I’ve spent the last two years and seven months of my life dedicated to finding My Favorite Coffee Shop in Columbus. Just kidding. I barely drank coffee until a year ago and my life is already thoroughly dedicated to Netflix. I can walk to all three of these cafés from home or work, but that … More My Coffee Shops
The French Girl by Lexie Elliott falls squarely into the genre of “Girl in the Title Gets Murdered or Does the Murder or Investigates a Murder,” otherwise known as Psychological [Thriller] Fiction. A group of Oxford graduates goes on a trip together to a family vacation home in France. Friends, lovers, or both, the group … More The French Girl by Lexie Elliott
What you’ll here the most when you talk to Portlanders about their beautiful, tree-lined city, is that in Portland it’s always, “gotta be different, gotta be weird.” There’s weed in the beer, no fluoride in the tap water, and an attendant will pump your gas like it’s 1957. Keep Portland weird, indeed. For as much … More The Water Tastes Better in Portland
Anne Rice needed an editor. The Witching Hour is the first in a trilogy about The Mayfair Witches and it’s a decidedly delicious romp through New Orleans. After 900 pages, however, she’s only just getting started. If you’ve ever read 900 pages only to be left with a veritable cliffhanger, you know it’s incredibly frustrating. Rice’s narrative … More The Witching Hour by Anne Rice
Fresh from completing my Master’s (or is it Masters?) degree in Art History I had some pretty Hot Takes on the whole process, as you can read in my August 2015 essay, Grad School: One of Life’s Terrible Jokes. In the winter of that same year, I polished off my follow-up Masters in Library and Information … More What I Learned in Graduate School
While writing the original blog post – New Orleans: City of Vice [& Virtue] – about our trip to New Orleans in January, 2018, I struggled to condense my thoughts and feelings about the Food. So, I didn’t. Here is a post dedicated entirely to New Orleans Food (and beer). As a crossroads of culinary … More Cajun, Creole, and Dat Dog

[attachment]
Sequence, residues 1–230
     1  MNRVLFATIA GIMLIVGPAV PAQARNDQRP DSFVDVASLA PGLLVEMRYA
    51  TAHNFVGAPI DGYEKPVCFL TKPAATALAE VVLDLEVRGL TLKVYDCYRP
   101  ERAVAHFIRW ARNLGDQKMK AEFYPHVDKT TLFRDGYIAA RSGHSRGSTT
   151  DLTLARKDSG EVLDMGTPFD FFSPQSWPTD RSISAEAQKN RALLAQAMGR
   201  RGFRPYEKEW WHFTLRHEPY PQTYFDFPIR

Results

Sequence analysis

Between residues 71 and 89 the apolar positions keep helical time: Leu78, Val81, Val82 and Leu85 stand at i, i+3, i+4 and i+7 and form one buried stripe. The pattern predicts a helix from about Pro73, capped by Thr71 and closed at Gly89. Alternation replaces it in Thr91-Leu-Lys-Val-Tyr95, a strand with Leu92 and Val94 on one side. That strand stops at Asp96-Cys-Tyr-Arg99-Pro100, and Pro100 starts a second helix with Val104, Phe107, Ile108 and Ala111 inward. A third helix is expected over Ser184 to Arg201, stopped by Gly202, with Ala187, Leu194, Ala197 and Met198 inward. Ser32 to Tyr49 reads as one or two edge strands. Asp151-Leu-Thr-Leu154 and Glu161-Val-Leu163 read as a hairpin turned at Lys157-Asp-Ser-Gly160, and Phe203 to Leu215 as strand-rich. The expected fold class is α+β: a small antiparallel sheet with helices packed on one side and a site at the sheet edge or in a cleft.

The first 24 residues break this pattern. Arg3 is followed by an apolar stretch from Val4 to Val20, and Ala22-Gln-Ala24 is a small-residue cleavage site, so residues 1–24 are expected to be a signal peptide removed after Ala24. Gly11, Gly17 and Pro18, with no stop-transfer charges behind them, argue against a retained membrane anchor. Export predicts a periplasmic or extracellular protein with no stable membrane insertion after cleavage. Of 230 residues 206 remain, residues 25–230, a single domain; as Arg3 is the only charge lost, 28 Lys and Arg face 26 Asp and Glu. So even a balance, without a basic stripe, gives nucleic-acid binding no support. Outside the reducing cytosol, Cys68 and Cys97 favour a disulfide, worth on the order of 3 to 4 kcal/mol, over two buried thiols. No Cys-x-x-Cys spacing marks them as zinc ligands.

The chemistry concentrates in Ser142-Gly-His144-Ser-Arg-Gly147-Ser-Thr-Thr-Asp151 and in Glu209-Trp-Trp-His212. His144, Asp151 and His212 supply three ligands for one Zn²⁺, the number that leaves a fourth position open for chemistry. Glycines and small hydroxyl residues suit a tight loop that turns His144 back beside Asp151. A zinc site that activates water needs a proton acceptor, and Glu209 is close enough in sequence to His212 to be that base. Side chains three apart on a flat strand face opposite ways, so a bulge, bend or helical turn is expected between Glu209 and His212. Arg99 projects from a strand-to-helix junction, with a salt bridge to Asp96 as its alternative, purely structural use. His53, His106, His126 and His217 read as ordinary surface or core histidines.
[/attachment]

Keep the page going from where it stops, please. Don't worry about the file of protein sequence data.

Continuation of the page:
Elizabeth Kostova is an author of place. When I read The Historian, which I highly recommend to any fan of history, travel, and a dash of the supernatural, I was besotted with Eastern Europe. Her vivid descriptions of the intersection between East and West in places like Prague, Vienna, Budapest, and Bucharest and her journey into … More The Shadow Land by Elizabeth Kostova
At 300 years old this year, New Orleans, Louisiana is one of the most enticing cities in America. “The most Northern city in the Caribbean,” NOLA boasts a Euro-Caribbean flavor steeped in blood, ghosts, and rolling good times. She’s rough-and-tumble but generous, hip but not aloof, she’s Southern but not a Lady. In this city, … More New Orleans: City of Vice [& Virtue]
Today, I want to help elucidate what it is we Librarians actually do. Public libraries are different from academic university libraries, school libraries, private libraries, museum libraries, and none of these are archives. I work at a standalone – we have no branches – Public Library in Ohio. Our community is landlocked by the larger … More What Even Is A Librarian?
Over the last few weeks at least a quintillion wonderful, creative, intelligent women got engaged in the United States. I have the privilege of being Social Media Friends with at least three of them. This morning at 5:00 AM, I was struck with inspiration to write to those recently engaged women who I admire and … More So, You’re Engaged!